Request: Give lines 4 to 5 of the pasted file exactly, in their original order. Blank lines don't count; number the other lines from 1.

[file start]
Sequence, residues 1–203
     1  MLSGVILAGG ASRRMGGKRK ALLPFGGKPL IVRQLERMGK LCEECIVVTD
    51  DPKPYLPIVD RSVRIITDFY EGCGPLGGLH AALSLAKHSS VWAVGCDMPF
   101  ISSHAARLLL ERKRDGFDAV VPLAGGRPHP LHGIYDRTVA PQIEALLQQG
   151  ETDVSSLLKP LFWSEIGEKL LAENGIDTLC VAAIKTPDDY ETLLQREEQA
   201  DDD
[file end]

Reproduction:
   101  ISSHAARLLL ERKRDGFDAV VPLAGGRPHP LHGIYDRTVA PQIEALLQQG
   151  ETDVSSLLKP LFWSEIGEKL LAENGIDTLC VAAIKTPDDY ETLLQREEQA